Peabody Lawn construction: what you need to know

The excavation on Peabody Lawn is taking place to modernize building heating systems and install fiber optic cables

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Peabody Lawn construction: what you need to know

Construction on Peabody Lawn. (Photo by Emily Gonçalves)

Construction on Peabody Lawn. (Photo by Emily Gonçalves)

Emily Gonçalves

Construction on Peabody Lawn. (Photo by Emily Gonçalves)

Emily Gonçalves

Emily Gonçalves

Construction on Peabody Lawn. (Photo by Emily Gonçalves)

Brooke Gerber and Grace Lee

First-year students who make the daily trek from Commons to Main Campus have probably noticed the closed sidewalks, high fences and torn up ground taking over the spaces near Peabody Lawn. Signs note the construction’s purpose as a FutureVU initiative, but the massive mounds of dirt and heavy machinery don’t indicate exactly what is going on.

The project is serving to modernize Peabody campus, installing fiber optic cables and converting campus buildings from 1920s steam-heating systems to more efficient hot water-heating systems. This excavation is set to be completed by spring 2020 commencement, with the system fully implemented by the start of the fall semester. It is a separate project from the multi-phased Peabody Neighborhood renovations, which are ongoing. 

While the lawn is being excavated, administration decided that underground infrastructure improvements should be done simultaneously with the pipe work to avoid another dig in the future. 

“We’re a park-like setting and we want to keep it that way,” Assistant Vice Chancellor of Plant Operations Mark Petty said.

The preparing-for-the-future part of the project includes electric work and adding fiber optic cables to support predicted campus needs. So far, reactions to the project have been mixed. Some respect the forward-looking aspects of the project, while others take issue with the eyesore that the construction represents.

“We get feedback from potential students and also others, alumni, that people are impressed with the investment being made,” Director of Campus Planning Keith Loiseau said.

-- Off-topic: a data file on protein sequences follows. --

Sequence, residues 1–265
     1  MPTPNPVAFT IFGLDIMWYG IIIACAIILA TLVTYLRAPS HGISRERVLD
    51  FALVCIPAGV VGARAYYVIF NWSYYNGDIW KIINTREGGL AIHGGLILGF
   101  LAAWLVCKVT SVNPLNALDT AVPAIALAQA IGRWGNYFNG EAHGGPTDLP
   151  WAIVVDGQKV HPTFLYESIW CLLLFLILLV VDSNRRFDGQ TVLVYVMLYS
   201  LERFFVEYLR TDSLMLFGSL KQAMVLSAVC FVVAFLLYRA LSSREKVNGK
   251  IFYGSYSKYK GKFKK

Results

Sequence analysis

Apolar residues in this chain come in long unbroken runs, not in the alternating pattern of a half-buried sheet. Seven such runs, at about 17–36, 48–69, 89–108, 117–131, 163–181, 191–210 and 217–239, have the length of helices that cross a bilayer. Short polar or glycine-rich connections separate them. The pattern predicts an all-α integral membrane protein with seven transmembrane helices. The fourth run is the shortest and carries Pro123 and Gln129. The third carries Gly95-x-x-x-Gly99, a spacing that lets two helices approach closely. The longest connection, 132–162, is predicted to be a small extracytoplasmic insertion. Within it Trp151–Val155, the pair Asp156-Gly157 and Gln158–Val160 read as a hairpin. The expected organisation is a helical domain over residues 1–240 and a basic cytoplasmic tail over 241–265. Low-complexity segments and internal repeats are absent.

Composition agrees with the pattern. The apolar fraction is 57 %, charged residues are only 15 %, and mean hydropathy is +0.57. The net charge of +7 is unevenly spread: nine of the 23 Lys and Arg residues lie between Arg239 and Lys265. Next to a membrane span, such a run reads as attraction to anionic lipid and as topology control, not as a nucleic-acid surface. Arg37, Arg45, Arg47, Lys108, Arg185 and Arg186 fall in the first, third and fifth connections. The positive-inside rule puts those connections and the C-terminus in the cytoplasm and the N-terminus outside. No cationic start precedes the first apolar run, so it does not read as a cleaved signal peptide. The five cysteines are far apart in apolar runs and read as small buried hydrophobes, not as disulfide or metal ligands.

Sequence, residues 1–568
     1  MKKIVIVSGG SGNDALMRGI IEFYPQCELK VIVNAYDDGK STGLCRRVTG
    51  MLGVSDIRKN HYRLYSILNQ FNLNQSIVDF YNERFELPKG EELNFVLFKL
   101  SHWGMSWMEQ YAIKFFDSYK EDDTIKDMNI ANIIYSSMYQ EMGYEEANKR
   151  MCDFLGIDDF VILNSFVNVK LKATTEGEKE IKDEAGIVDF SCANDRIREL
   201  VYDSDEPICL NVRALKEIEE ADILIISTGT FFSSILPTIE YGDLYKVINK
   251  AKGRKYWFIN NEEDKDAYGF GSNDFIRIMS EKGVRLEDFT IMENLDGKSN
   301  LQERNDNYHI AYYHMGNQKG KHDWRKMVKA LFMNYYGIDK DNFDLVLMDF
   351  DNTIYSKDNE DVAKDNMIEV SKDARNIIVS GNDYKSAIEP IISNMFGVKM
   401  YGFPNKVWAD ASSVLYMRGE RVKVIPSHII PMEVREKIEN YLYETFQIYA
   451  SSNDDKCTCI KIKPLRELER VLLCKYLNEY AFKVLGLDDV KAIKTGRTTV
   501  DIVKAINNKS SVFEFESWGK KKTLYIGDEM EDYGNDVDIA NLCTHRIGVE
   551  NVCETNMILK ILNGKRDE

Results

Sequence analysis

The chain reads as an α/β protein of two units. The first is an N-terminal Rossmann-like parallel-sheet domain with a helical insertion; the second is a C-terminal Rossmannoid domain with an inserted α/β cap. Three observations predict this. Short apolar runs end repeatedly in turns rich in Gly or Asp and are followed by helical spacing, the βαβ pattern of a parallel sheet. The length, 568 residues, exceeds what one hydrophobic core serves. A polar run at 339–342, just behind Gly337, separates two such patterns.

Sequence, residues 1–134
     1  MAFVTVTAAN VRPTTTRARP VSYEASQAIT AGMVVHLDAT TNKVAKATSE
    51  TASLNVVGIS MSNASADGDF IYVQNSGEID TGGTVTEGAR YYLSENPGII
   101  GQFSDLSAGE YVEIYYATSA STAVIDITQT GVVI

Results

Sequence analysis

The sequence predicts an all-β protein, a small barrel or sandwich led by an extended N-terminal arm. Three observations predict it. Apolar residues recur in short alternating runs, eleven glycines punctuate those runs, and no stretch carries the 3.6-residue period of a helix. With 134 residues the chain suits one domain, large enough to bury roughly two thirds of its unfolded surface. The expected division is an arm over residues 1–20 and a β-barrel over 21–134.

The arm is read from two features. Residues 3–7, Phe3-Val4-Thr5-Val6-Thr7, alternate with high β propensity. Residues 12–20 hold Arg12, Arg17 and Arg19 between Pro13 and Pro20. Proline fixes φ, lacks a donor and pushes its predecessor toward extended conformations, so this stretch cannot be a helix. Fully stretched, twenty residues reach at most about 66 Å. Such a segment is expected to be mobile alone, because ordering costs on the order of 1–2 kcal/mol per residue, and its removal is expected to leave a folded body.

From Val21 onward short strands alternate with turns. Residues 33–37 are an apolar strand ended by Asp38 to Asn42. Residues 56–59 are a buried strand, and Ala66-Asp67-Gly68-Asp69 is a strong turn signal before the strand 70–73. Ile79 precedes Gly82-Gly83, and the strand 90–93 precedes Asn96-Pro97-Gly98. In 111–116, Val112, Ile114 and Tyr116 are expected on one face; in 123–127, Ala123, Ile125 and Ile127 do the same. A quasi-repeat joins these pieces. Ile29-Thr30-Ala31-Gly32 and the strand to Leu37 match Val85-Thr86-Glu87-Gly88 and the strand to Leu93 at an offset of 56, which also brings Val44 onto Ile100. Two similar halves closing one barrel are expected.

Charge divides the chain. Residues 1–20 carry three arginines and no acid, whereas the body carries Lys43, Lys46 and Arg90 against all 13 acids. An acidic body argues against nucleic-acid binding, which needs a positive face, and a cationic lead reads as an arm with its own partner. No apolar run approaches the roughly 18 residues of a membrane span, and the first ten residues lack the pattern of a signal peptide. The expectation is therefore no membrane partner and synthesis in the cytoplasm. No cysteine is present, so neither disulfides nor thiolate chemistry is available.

While students may be impressed with the investment, the day-to-day experience of students living on Commons is somewhat less positive. 

“The lawn being torn up is kind of annoying because it’s the ‘most instagrammable spot’ at Vanderbilt and [right now] it’s just not,” first-year Lauren Babb said. “I’m kind of neutral; I really don’t care because it’s not close enough to me to hear it. I think it’s cool that they’re making campus more sustainable because I like all the environmental pushes that Vandy is making.”

While the construction is occurring on some of the most prominent portions of campus, steps have been taken to ensure that the daily lives of students remain uninterrupted. Loud construction doesn’t begin before 9 a.m., and work schedules are altered around major campus events, such as move-in day, according to Loiseau. 

More significant parts of the process, including rock excavation, were completed over the summer before students moved in to minimize disruption. According to Julie Covington, Associate Director of Campus Planning, communication has been a constant goal throughout the construction process to remain cognizant of the schedules of students.

The first phase of the Peabody Neighborhood efforts is the other major construction project near Commons. Currently, the Mayborn and Home Economics buildings on Magnolia Circle are being connected to create a complex for the Human and Organizational Development department; the project is scheduled to be completed this May. 

This project emphasizes sustainability and accessibility, with the design accommodating students’ needs and energy efficiency in a partial Living Building designed to limit solar gain and regenerate some of its own electricity and water. The building will also be solar rooftop ready. 

“These projects are perceived as making the Vanderbilt experience more attractive and more valuable,” Dean of Students Mark Bandas said.

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